“The Blue Book say’s we’ve got to go out, and it doesn’t say a damn thing about having to come back.” Captain Patrick Etheridge, keeper of the Cape Hatteras Life Saving Station.
That could be the motto of space exploration. Not everyone will survive. That is why, in this excerpt from Cyan, Ramananda Rao is making this report. You will note that I have suppressed a name to avoid a spoiler.
from the Logs of the Darwin/Cyan Expedition
S.Y. 601, Day 239 (corrected)
entry by Ramananda Rao, acting geologist
at Venturi Station
Today, everything changed. Our entire outlook on our work and on Cyan can never be the same again.
We have been at Venturi station for three weeks now, doing the work *** should have done. The working conditions are miserable. We are too far south and the land is too hot. We arrange to work by the light of Procyon’s lesser companion, or early in Cyan’s morning, but still the heat is stifling. Since I arrived here with Viki Johanssen, we have worked like dogs, taking core samples with our mole to map the extent of this ore field.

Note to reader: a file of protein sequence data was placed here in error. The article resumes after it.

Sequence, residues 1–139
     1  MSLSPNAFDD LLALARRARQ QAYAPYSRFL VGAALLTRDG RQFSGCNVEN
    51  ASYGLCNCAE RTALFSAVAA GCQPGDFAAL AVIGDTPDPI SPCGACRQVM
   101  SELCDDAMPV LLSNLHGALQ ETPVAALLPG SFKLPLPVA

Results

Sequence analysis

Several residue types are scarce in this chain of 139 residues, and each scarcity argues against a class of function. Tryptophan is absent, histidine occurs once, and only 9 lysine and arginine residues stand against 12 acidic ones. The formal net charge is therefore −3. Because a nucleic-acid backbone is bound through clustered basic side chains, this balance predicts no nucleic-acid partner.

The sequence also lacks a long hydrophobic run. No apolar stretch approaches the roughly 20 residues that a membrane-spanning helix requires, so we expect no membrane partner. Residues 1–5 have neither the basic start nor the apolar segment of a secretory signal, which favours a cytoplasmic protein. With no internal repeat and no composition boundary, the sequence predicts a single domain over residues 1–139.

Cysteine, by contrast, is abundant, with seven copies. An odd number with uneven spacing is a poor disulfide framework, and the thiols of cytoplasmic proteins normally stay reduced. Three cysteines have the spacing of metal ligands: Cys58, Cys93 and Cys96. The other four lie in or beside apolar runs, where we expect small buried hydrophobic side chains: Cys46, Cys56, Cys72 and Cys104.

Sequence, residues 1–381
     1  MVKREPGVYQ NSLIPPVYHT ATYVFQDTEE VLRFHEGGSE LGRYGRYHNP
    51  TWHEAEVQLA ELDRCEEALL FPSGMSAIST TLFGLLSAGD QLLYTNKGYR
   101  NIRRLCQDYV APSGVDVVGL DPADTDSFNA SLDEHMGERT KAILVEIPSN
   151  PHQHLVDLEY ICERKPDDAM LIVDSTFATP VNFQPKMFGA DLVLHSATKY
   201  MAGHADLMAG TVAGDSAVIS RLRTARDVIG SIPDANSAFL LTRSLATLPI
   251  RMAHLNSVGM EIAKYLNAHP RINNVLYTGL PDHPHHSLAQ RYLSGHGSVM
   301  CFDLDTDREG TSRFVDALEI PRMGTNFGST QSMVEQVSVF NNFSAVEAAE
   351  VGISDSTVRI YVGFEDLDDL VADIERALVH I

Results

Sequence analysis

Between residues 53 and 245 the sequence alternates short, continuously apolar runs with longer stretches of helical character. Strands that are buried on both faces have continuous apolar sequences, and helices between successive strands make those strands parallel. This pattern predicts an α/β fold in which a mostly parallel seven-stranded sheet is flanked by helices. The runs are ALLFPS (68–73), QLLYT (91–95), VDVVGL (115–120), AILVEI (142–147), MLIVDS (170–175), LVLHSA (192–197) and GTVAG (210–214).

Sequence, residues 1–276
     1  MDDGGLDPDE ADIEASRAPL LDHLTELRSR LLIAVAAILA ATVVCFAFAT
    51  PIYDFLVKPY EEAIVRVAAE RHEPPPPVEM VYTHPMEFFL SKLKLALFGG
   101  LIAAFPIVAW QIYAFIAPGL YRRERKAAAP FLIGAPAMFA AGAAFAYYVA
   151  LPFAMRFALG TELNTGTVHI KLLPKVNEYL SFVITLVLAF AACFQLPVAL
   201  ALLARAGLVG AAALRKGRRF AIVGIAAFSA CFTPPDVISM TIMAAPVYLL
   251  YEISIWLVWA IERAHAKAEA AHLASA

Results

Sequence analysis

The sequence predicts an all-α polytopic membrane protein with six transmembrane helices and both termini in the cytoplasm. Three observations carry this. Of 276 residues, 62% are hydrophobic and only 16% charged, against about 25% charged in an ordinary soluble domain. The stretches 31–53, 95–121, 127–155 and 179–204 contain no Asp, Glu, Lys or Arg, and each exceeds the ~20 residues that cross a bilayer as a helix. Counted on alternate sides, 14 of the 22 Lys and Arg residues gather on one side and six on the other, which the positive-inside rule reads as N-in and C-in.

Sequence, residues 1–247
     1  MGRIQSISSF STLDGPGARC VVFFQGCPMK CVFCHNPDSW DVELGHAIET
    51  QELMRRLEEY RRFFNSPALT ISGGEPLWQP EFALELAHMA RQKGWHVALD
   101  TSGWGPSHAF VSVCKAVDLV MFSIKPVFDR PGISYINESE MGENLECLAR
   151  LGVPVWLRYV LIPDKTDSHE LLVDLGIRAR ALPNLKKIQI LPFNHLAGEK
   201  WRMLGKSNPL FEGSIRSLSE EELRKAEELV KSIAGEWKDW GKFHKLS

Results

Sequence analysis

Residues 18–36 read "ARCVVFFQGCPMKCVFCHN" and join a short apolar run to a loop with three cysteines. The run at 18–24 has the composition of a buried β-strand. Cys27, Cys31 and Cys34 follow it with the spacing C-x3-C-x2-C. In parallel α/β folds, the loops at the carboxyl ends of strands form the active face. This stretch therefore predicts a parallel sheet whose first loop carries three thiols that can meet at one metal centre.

I can do the work; I have the training. But I don’t have the inclination. I would much rather be studying the weather.
When I first saw that Cyan stands straight up in orbit, I thought it would be meteorologically barren. How wrong I was. True, it has no seasons, but her slow rotation brings daily temperature variations of almost seasonal proportions. Her storms are vast and powerful – and unpredictable.
Yet today, the weather and the ore fields became insignificant in a heartbeat when Viki leaned down to pick up a stone – and saw a row of flakes chipped away from one edge.
We are not alone here.
When the exploration of Cyan moves into colonization, humans will face critical choices. Our knowledge of ecological consequences will always be incomplete, but we understand enough to know how badly we can screw things up.
Humans will go to the stars. But cattle? Horses? Wheat? Cockroaches and boll weevils? The chances for ecological disaster are huge.
And what will we do if we find a species evolving toward human level intelligence, but not there yet? The explorers of Cyan will have to face that dilemma.